Dr. Edna Foa Receives the APA Award for Distinguished Scientific Contributions

The APA Award for Distinguished Scientific Contributions is awarded to psychologists who have made distinguished theoretical or empirical contributions to basic research in psychology. Past awardees included Dr. Carl Rogers in 1956, Dr. Harry Harlow in 1960, Dr. Albert Bandura in 1980, Dr. Naom Chomsky in 1984, and Dr. Peter Lang in 1993, among many other renown psychologists.

This year Dr. Edna Foa is the recipient of the award. Dr. Foa is one of the world’s great clinical psychologists who has contributed immensely to theory and clinical practice over the course of her many decades-long career. Her contributions to the field of anxiety disorders are widely recognized and she is one of this nation’s major contributors to the study of psychological trauma and post traumatic stress disorder (PTSD). Largely known for her contributions as a result of numerous outstanding clinical trials, Dr. Foa’s contributions to theory and methods are also widely recognized in the field. Examples include her highly cited Psychological Bulletin article with Dr. Michael Kozak that extrapolated Dr. Peter Lang’s theory of psychopathology to anxiety disorders while highlighting important treatment implications, as well as her paper with Dr. Elisabeth Meadows on methodological gold standards for conducting clinical trials, which influenced the scientific conduct of many, many clinical trials examining psychological treatments for prevalent and disabling psychological disorders.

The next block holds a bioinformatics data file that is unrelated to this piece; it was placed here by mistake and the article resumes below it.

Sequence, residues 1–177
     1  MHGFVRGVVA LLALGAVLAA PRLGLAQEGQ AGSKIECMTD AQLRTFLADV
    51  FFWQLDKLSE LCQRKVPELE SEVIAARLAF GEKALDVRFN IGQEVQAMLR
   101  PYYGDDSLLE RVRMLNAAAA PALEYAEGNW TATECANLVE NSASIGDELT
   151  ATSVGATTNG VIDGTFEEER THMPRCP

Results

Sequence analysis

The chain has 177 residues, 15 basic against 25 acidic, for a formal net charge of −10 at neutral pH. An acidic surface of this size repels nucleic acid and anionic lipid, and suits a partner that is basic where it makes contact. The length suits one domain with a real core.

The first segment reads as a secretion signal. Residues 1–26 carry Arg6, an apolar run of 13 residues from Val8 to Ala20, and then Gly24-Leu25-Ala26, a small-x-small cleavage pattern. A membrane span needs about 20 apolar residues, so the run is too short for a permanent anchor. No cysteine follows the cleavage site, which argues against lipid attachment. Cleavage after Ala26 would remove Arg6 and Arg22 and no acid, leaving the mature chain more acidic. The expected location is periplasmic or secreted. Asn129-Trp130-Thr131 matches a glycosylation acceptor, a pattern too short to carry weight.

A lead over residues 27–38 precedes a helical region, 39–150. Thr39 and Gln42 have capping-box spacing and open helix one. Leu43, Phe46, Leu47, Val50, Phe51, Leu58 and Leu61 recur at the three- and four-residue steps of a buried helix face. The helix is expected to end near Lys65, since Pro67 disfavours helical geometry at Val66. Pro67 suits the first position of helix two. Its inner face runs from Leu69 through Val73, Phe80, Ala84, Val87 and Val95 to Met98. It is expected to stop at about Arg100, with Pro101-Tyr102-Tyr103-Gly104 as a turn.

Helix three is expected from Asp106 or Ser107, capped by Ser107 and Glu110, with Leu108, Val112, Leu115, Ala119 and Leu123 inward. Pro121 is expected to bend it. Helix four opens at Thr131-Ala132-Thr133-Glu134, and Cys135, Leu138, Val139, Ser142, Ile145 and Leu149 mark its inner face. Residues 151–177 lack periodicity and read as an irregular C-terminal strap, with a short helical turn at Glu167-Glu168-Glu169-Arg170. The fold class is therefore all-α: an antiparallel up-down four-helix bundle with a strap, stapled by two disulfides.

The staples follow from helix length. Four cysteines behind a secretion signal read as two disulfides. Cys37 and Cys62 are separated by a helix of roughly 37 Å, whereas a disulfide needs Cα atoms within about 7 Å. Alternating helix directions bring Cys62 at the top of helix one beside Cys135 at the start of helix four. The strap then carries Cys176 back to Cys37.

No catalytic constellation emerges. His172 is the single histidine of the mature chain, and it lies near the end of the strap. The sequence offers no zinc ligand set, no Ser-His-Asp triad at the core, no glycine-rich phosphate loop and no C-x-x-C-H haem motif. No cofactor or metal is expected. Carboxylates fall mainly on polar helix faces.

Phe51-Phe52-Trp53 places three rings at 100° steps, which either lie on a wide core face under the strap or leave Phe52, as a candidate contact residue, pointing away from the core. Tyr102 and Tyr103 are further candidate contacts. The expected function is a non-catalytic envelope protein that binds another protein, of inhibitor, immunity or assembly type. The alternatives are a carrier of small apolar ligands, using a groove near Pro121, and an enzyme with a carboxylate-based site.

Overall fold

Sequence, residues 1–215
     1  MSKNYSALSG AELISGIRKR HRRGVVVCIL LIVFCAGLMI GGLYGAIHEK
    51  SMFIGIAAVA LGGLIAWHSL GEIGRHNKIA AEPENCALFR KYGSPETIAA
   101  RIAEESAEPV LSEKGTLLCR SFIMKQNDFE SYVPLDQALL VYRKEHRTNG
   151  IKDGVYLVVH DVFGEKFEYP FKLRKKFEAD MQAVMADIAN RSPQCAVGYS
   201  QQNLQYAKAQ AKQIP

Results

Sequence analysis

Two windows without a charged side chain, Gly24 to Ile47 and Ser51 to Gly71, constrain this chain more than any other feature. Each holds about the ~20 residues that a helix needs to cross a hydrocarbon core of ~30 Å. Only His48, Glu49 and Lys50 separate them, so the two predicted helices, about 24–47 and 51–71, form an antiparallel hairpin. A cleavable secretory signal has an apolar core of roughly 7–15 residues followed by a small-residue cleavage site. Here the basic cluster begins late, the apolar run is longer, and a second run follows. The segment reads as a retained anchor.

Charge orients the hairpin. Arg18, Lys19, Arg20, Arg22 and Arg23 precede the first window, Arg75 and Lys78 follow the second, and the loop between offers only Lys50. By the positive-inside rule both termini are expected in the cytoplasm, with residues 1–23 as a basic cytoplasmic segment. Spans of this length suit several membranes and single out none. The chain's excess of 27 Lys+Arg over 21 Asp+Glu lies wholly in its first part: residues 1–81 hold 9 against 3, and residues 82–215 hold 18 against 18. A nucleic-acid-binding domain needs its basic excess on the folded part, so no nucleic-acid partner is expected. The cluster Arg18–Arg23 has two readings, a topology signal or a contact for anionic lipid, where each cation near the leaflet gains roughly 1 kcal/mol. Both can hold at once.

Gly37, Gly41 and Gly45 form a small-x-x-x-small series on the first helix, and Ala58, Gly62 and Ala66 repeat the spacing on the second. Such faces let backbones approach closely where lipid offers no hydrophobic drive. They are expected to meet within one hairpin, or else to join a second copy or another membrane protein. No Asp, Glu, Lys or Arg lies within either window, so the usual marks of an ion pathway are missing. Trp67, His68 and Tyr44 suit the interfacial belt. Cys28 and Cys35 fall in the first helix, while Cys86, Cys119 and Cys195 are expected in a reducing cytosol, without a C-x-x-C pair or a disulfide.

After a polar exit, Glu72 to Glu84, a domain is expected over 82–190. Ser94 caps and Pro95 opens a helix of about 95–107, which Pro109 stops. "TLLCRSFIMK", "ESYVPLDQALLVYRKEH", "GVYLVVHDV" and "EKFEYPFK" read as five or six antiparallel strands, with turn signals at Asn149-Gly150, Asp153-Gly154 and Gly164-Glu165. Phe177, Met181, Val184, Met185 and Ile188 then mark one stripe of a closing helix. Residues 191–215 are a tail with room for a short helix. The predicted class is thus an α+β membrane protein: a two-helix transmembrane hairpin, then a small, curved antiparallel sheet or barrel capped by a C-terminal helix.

In the area of PTSD, Dr. Foa’s voluminous contributions to clinical trials led to her being named as one of Time’s 100 Most Influential People in 2010, a remarkable achievement for a clinical psychologist. Among other achievements include the Lifetime Achievement Award from the International Society for Traumatic Stress Studies (ISTSS), as well as recognitions from the Association for Behavioral and Cognitive Therapy (ABCT).

It is rare enough that an individual makes significant contributions to one area of psychology, let alone many — besides PTSD she has contributed greatly to our understanding of Obsessive-Compulsive Disorder (OCD), Panic Disorder, and Social Anxiety Disorder. Few individuals’ work cuts across so many different areas and conditions and rarely are these contributions completed with the scientific rigor and theoretical relevance that Dr. Foa brings to her tasks.

Please join us in celebrating Dr. Foa in accepting this remarkable honor.